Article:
Humor Columnist



















Meet the Columnist

Columnist, Sheila Moss, is humor writer from  Tennessee. She writes  a weekly human interest column about daily life and the funny things that happen to everyone.

   She has written for  the Daily News of Kingsport,   Griffin Journal, Oakridge Now, Atlanta Woman Magazine, Aberdeen Examiner, Angleton Advocate,  and Smyrna AM, a supplement of the Murfreesboro Daily News Journal. She has been published by Voyageur Press, McGraw Hill, and the good folks at Guidepost Books.  Her articles have appeared in numerous anthologies and other publications, both in print and online.

    She is a former board member and past  Editor of  the, website of  the National Society of Newspaper Columnists, the oldest and largest professional organization for columnists. She is the Web Editor of Southern  and  a founder of the Southern Humorists writers' organization. She is writer, editor, and webmaster of

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Talking Trash...

Talking Trash

Iím talking trash today.  What else can one do when one is up to their chin in the stuff?  For some reason, my trash men have become too uppity to take anything unless it is packaged a certain way to meet their specifications.

It used to be, when I first moved out to the boondocks, that trash pickup services wanted your business.  They would knock on the door, leave flyers, and practically beg you to use their service instead of the less convenient competitors that made you drag the trashcans to the curb.

You see, in unincorporated areas, we do not have such conveniences as a municipal trash service.  For all they care, you can bury it in your back yard or haul it yourself.  Therefore, it is up to the suburban homeowner to find a private trash company and hire them to do the dirty deed if it is done.

My new trash folks were great.  They came up in the driveway right to the cans and took anything there twice a week.  Even the extra rubbish from holidays or yard work magically disappeared in the early dawn unnoticed.

Then the price went up. Later the amount of trash they would collect became limited to two cans.  Eventually, they only took what was in a plastic bag and only if it did not exceed a certain weight.  Finally, they started coming only once per week.

The rules eventually became so numerous, that I lost track.  I just started putting it out there and if it remained after a week, it didnít meet the guidelines.

Trash that doesnít meet the guidelines can become a real problem.  There was the ceramic flowerpot they refused to take because it was too heavy.  I got rid of it by smashing it into small pieces and sneaking it into the garbage a piece at the time.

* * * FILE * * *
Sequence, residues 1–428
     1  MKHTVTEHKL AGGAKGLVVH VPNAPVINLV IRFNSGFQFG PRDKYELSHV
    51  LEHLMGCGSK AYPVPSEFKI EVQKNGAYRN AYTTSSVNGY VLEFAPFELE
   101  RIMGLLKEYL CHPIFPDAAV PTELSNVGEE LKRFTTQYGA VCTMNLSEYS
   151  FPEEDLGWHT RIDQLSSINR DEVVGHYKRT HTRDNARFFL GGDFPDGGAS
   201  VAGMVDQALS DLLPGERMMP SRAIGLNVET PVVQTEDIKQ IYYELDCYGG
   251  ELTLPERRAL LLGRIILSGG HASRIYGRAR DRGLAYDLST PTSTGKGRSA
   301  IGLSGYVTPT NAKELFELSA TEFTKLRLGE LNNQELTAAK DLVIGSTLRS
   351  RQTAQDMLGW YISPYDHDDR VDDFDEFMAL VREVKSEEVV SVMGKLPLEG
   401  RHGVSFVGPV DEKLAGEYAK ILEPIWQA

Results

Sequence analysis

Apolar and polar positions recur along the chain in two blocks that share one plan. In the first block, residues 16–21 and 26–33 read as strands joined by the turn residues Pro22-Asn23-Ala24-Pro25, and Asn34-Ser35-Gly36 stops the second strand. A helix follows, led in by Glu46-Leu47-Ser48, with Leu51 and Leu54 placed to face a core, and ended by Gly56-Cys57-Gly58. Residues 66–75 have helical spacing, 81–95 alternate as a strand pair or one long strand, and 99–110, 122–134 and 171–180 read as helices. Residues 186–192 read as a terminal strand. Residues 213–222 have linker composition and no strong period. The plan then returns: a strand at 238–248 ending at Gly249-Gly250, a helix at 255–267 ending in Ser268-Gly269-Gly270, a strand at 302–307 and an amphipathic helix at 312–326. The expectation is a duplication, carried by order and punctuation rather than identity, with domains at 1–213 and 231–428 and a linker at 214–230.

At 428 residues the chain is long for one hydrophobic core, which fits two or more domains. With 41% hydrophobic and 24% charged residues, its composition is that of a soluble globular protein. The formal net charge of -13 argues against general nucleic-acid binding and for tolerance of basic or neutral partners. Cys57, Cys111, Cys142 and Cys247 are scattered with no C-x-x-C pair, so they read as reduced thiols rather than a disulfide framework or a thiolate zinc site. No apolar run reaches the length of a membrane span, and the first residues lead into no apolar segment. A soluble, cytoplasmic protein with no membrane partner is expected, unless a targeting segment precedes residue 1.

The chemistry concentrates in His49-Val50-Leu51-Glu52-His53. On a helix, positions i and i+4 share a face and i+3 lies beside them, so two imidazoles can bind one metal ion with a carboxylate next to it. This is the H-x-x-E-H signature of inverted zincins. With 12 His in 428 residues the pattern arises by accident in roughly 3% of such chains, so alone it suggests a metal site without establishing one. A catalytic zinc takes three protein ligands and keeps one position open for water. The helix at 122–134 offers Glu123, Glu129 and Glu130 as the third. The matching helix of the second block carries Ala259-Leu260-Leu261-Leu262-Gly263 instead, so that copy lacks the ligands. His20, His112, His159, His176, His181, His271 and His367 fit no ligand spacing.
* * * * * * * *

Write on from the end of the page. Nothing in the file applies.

Shrub and tree trimmings were broken into bits and stuffed into trash bags so they looked like ordinary trash.  It was a nightmare.  I finally found that the county has a recycling and disposal center.  I donít have to spend any more time breaking things into bits, but I do have to go during certain hours when they are open and haul the stuff in my car or enlist a friend with a truck.

Then the other day I made the mistake of hiring my daughterís friend to rake up the spoiled apples under the apple tree.  He bagged them and placed them by the trashcans.  The trash man didnít even give them a second glance, only the trash that met specifications was removed.

Flies gathered as the apples began to decompose in the bags and leak.  What to do?  Repressing my gag reflex, I double bagged them and put them in one of the empty trashcans.  Apparently, specifications were not met, as they are still there.  I donít know whatís wrong.  They must be too heavy.  Or maybe trashbags need to be tied with a pink ribbon now.

I am simply at my witís end.  The trashcan is full of apples and insects.  I have no place to put real trash.  I canít haul the mess to the disposal center because I canít lift the can and the bags might leak in the car.

And they wonder why rednecks have washing machines and refrigerators on the porch?  This is why!  The trash man wonít take it - if there is one.  You canít break it into bits and the disposal center is closed even if you had a truck, and could lift it and figure out where to take it.

Iíll figure out something, donít worry.  If worse comes to worse, Iíll hire my daughterís friend to haul them away.  Actually, Iím beginning to wonder if that was his plan all along.

Copyright 2008 Sheila Moss

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